Note: See also the files: Isabella-art, Joan-of-Arc-art, Lamoral-art, Margaret-art, Otto-t-great-art, War-o-t-Roses-art, Inven-Charle-man, gardening-bib



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Charlemagne-art - 9/4/00
"Charlemagne" by Jan van Seist. (humor)
NOTE: See also the files: Isabella-art, Joan-of-Arc-art, Lamoral-art, Margaret-art, Otto-T-Great-art, War-o-t-Roses-art, Inven-Charle-man, gardening-bib.
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NOTICE -
This article was submitted to me by the author for inclusion in this set of files, called Stefan's Florilegium.


These files are available on the Internet at: http://www.florilegium.org
Copyright to the contents of this file remains with the author.
While the author will likely give permission for this work to be reprinted in SCA type publications, please check with the author first or check for any permissions granted at the end of this file.
Thank you,

Mark S. Harris...AKA:..Stefan li Rous

stefan at florilegium.org

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[NOTE - originally written for Storm Tidings, the newsletter of the Shire of Adamastor (Cape Town) in the Kingdom of Drakenwald]
Charlemagne

by Jan van Seist
Charlemagne! Carolus Magnus! Charles the Great! King of the Franks! Emperor of Rome! and slayer of lots and lots and lots of Saxons (HUZZAH!)! His name resounds through the centuries, the shining light of early Europe. It is in his honour and for the edification and entertainment of the shire that I once again take up my pen and continue my occasional history of our period.
Charles was not born to the Imperial purple. His father, Pippin the Short, was "merely" King of the Franks [1] and on his death, Charles inherited but half of the Frankish kingdom, the remainder going to his brother Carloman. However, Charles' half included the traditional Frankish lands in the North (and with them, the Frankish army) and Carloman's the newly conquered territories of the South (and with them, their revolting subjects). Carloman wisely chose to die young and thus avoided annihilation in the inevitable civil war.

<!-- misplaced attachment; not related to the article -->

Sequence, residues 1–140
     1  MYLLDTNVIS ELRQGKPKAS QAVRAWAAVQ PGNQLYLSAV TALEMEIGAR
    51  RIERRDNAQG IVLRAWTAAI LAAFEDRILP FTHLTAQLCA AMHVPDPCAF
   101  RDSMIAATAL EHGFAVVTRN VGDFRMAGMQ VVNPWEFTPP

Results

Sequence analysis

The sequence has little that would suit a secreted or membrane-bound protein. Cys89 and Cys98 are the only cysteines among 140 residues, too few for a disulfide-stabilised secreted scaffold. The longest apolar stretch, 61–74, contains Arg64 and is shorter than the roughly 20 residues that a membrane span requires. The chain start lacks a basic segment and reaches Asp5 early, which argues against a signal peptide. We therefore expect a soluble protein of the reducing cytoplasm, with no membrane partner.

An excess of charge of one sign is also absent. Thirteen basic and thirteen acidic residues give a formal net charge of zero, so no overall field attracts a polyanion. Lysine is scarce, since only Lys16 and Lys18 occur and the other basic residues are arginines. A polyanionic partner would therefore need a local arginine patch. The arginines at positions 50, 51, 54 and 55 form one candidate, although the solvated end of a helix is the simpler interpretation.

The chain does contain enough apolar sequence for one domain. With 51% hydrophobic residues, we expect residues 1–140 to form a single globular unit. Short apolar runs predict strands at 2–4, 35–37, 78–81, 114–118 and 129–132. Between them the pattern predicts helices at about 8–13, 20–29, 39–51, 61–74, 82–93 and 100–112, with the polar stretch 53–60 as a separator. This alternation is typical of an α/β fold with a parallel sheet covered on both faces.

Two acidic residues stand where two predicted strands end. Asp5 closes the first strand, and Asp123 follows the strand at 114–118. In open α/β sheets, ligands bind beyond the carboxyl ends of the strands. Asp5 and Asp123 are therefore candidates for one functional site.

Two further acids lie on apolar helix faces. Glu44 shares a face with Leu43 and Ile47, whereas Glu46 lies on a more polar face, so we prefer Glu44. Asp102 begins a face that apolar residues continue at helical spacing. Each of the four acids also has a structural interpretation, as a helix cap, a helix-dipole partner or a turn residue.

Charles, robbed of his rightful blood feud, accepted Carloman's lands and set about creating enemies for his knights to prove their valour on. He got off to a flying start by marrying the Lombard king's daughter, Desiderata, and then trading her in for a sportier model from Suabia less than a year later [2]. Desiderata's old man was not impressed. He was even less impressed when the might of Frankish chivalry smashed his army and annexed his state.
After his romp through Lombardy, Charles set off on the first of his Saxon conquests. The pagan Saxons held the lands to the East of the Franks and so, for the good of their souls, Charles and his army, burnt and pillaged Saxony until all the chiefs (except Witikind who went into exile) swore to be good Christians and loyal Frankish subjects. Charles then returned home. Shortly afterwards, Witikind followed suit and the Saxons reverted to paganism and revolted.